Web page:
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    Is T&T becoming a paradise?
    Saturday, December 14 @ 20:13:18 UTC
    Trinidad and TobagoDear Sir/ Madam/Ms,

    It is appropriate that there should be a day in which the public is reminded that verbal or physical violence against women should not be encouraged and will not be tolerated. But let us not be carried away with our criticisms and throw the babyout with the bath water. Let us not conclude illogically, on the basis of media reports of violence against women, that our women are an endangered species.

    Far from it: there are social indicators that suggest T&T is a little paradise when compared with many other countries.

    In the April 2002 issue of Scientific American, Kevin Bales, a professor of sociology at the University of Surrey, London, suggests we view as "slavery" any situation or relationship where there is "a loss of free will or choice which is backed up by violence." We may think of such a situation as one where women are controlled to a high degree, either because of patriarchal traditions, religious precepts, or a highly controlling male personality.

    Using data from a variety of sources, including reports from police, social workers, investigative reporters, and freed slaves, he has made estimates of slaves in individual countries. By his definition of slavery, T&T, Barbados and Dominica each has from 0 to 100 women who are slaves (to men, of course); Jamaica is worse with an estimate of 0 to 500 slaves.

    However, compared with many other countries, it seems we treat our women relatively well. The estimate for Israel is around 4,000 to 6,000; the UK around 4,000 to 5,000; and the USA from 100,000 to 150,000.

    Their estimates reflect the reliability of pimping and prostitution as lucrative avenues of employment in those countries. Human trafficking of women and children, girls and boys, is also a major social problem in Europe and South East Asia.

    In Mother Africa, two countries stand out: Ghana with an estimate of 10 000 to 20 000 slaves, and Nigeria with an estimate that is double, 20 000 to 40 000 slaves. In West Africa, a practice exists where illiterate laborers are deceived into signing "contracts" which are then used to ship them to remote plantations from which they cannot leave. In addition African diplomats and executives go abroad with domestic servants whose lives are virtually those of slaves.

    Please note, however, that the rate for the USA (that bastion of democracy) is five times higher than these African countries, which are wilting under the effects of imperialism and the erosion of their traditional cultures.

    But it is Mother India that takes first prize with a whopping 18 to 22 million slaves. Many of them are enmeshed in a vicious caste system with its hereditary family bondage for an earlier debt. Many of them are also women, who have been assigned an inferior social, religious, political, and economic status by tradition and the religion of Hinduism.

    Again, T&T, a little dot on the map, has the distinction (despite it youth as a nation) of being ranked by the UN, in 2002, as having a high level of human development, with a rank of 50 out of 173 countries! Way to go, T&T!

    The UN Human Development Index is a composite measure of a country's achievements in terms of life expectancy, education and adjusted real income. We are definitely doing something positive. Alas, Barbados is still ahead of us with a rank of 31.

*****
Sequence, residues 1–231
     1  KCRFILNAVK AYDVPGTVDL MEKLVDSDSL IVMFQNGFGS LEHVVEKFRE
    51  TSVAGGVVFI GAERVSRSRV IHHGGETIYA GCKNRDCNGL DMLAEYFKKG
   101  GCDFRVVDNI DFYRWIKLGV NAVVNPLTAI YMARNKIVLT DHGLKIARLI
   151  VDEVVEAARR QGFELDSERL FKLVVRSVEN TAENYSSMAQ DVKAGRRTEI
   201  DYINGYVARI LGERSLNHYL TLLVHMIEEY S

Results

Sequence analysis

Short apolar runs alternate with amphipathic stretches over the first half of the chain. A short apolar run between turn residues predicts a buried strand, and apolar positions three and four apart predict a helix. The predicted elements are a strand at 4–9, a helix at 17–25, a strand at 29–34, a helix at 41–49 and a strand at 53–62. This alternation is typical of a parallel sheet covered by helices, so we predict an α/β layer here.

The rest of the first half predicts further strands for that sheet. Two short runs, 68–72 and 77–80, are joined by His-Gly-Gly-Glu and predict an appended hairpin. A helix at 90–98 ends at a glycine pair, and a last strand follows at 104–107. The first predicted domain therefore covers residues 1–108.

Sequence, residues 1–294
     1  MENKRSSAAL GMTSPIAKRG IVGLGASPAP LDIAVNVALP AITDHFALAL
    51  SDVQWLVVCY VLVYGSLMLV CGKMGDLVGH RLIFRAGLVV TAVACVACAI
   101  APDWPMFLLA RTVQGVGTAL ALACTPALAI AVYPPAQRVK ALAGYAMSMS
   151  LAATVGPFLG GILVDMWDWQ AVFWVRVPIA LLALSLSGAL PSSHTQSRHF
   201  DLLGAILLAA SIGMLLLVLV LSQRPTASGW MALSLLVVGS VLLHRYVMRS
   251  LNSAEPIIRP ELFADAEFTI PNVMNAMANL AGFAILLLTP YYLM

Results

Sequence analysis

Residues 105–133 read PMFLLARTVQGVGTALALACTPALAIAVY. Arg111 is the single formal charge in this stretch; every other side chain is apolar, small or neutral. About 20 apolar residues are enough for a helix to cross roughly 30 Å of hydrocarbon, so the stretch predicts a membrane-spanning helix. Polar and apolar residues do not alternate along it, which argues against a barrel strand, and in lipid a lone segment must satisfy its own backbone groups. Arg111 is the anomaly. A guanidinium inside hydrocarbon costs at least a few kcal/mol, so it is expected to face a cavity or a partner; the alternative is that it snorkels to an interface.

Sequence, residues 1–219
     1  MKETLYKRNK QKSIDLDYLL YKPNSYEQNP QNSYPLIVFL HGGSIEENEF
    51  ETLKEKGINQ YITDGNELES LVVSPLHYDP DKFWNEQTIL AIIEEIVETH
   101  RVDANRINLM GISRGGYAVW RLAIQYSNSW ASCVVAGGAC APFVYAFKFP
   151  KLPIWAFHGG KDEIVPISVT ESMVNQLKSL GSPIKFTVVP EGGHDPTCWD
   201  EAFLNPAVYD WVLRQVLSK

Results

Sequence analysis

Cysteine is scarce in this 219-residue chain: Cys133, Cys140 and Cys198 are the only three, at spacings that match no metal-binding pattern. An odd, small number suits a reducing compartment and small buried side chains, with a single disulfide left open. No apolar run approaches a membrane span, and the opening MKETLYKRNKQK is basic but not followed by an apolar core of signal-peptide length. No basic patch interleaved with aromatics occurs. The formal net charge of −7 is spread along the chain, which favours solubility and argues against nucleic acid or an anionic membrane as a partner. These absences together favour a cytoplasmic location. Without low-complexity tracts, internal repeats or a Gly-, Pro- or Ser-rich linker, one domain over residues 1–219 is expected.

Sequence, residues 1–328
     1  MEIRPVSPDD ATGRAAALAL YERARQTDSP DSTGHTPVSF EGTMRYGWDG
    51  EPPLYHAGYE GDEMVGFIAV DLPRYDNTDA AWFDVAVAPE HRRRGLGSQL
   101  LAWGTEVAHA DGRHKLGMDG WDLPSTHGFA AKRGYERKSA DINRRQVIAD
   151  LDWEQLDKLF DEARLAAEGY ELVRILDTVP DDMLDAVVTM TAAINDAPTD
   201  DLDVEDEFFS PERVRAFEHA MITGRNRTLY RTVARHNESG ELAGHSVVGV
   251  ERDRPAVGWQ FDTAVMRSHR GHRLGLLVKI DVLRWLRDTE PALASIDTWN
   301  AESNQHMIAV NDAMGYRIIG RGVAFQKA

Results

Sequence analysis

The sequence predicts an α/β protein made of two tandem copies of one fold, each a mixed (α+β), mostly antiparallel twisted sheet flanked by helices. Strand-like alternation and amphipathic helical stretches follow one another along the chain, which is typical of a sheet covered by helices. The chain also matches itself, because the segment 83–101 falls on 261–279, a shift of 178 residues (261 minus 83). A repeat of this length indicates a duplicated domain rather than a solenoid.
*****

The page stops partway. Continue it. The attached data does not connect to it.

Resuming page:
Something good is happening there, a fertile area for sociological research. The Bahamas is also ahead with a rank of 41, as well as St Kitts and Nevis with a rank of 44.

    The highest ranked country in Africa, South Africa, is far below us with a rank of 107. We are also far ahead of India, which has a low rank of 124.

    In addition, (a little more gravy) T&T makes a strong showing on the UN Gender Empowerment Index. This measures the participation of women in political decision-making. Out of 66 countries capable of being ranked, T&T earned a rank of 20, not far behind Barbados, which had a rank of 18. Now, that is an achievement! Many countries are still the captives of medieval religious attitudes and practices, which are inconsistent with the norms of democracy.

    In effect, T&T ( and its sister islands) is among the leaders of developing and undeveloped countries with respect to the above UN indices, a remarkable feat considering its relative youth (and domestic critics) .

    One factor that gives it stability and has enabled it to live amicably with its internal critics (mainly Hindu fundamentalists) is the "Carnival mentality" which some deplore. It is this which serves as a national catharsis for frustrations and thwarted hopes; which liberates the creative spirit from the confinements of mundane routines; and which gives an opportunity for laughter, joy, music, and good neighbourliness to enter our lives. And there is no reason why our Indo-Trini brothers and sisters should not contribute their musical traditions to enrich our national festival.

    "Carnival mentality" and "liming" expresses and contributes to the Trinbagonian's uniquely relaxed personality, transforms the serious into the comical, constructs theatre from the mundane, and eliminates hostility from conflict situations. Psychologically, it is a stress-coping mechanism, an inexpensive cultural anti-depressant, an alternative to Paxil or Prozac (on which Nth Americans rely).

    We might legitimately ask if we are becoming the paradise of the great French painter, Paul Gauguin.

    As the Trini ship of state sails into the future, we must be united to realize the potential of our people. In the memorable words of Rabindrath Tagore (the eminent Indian poet): "Let there be a single, just, and moral society."

    Kenneth Aquan-Assee

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